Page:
School District Finalizes Teacher Layoffs

Facing up to $5 million in budget cuts, the district will issue 17 teacher layoff notices by May 13.

In an evening when the Glendora Unified School District designated the week recognizing the accomplishments of teachers and classified employees, the board finalized their decision to issue layoff notices to 17 teachers.

The school board praised teachers and staff for their commitment and hard work to education, but there would not be financial rewards for their labor.

Instead, with the district facing up to $5 million in budget cuts, they approved the pink slip issuance for 17 teachers in the district -- a heartbreaking decision for school board members.

"This type of action, at this point in time, is very necessary to do," said school board member Charles Gomer. "It is again an action that is done with significant regret."

About 40 teachers and supporters gathered at the school board meeting Monday evening, many of them wearing black t-shirts, bearing the phrase, “United for Kids,” on their backs.

They urged the school board to consider other options rather than denying teachers a job within the district.

“Creative answers and sacrifices will no doubt be needed, but layoffs are just not the right answer,” said Wayne Stam, representative for the Glendora Teachers Association.

He added that in bargaining sessions, the association had offered to cover the $1.3 million the district would reportedly save through layoffs, with “extreme concessions,” – including furlough days, deferred payments and increased class sizes.

Stam insisted that district’s budget . He pointed to an increase in the cash balance and unrestrictive total reserves, as well as the hundreds of new students the district could receive next year.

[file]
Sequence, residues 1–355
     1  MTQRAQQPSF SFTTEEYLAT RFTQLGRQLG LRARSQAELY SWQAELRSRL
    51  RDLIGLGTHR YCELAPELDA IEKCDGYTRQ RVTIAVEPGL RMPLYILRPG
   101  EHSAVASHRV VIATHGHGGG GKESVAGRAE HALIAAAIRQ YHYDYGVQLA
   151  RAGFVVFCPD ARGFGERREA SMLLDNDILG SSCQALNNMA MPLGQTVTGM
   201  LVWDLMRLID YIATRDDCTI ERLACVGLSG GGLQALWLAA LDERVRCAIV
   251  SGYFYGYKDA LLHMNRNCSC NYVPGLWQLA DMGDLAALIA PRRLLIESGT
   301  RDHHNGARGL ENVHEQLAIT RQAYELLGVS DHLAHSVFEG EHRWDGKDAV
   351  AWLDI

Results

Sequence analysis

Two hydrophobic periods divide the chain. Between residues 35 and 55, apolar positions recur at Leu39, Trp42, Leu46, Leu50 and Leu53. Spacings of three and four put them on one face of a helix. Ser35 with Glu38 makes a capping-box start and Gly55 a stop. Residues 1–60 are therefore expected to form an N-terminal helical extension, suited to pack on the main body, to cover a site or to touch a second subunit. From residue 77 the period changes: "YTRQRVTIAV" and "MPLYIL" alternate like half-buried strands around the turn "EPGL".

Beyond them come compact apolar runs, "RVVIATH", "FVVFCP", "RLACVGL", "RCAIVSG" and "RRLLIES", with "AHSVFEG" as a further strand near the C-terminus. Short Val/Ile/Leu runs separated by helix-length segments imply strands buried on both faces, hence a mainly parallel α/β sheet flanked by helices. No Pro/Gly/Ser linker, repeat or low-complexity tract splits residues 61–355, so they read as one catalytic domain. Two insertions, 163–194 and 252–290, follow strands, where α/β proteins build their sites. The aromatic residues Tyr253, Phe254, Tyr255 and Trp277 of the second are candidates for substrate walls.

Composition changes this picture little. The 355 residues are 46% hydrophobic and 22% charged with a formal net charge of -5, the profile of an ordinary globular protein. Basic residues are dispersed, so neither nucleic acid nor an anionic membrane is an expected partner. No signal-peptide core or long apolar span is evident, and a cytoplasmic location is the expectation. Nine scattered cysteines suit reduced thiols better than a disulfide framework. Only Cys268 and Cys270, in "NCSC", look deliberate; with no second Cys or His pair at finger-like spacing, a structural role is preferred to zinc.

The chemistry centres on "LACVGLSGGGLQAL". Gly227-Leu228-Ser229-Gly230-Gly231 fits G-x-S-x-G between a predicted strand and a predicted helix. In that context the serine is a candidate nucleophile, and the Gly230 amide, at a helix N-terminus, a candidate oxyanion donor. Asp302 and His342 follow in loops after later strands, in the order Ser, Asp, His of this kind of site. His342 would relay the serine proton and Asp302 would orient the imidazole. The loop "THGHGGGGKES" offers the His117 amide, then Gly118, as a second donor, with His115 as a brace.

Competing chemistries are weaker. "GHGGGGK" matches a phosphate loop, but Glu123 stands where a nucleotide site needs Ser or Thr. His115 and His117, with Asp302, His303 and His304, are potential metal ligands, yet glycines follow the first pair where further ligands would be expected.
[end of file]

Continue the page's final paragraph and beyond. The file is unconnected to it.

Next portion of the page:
In all, Stam said the district’s financial balance figures to be about $1 million more than originally budgeted.

“This is not the time to be laying off dedicated valued employees,” said Stam. “Now is the time to rescind those notices.”

But the school board was unanimous in its decision to uphold the layoff notices.

“This something we have to do because we have statutory deadlines we have to meet such as the March 15 deadline,” said school board member Mike Gautreau. “If negotiations were settled, this is something we wouldn’t have had to do at this time, but negotiations are not settled, so this is what we have to do to protect the district financially.”

With negotiations between the district and the teachers association still ongoing, district superintendent Dr. Robert Voors said he was optimistic that a resolution could be achieved.

He said districts still await word on state funding, but the governor’s May budget revision could provide more concrete answers in the budget numbers game. He said he hoped the state would be kind to education, and allow Glendora Unified to rehire teachers whose positions with the district are on the chopping block. 

But the final word from the state may not come in time for Chris Rivas, a teacher from Sandburg Middle School. He is one of the 17 teachers to receive a layoff notice this week.

“I have to find another job, and finding a job is tough out here,” said Rivas. “I have a two-year-old daughter and I’m hoping to add more to my family. All those plans are put on hold until this whole thing settles itself.”

dee martinez May 10, 2011 at 02:15 PM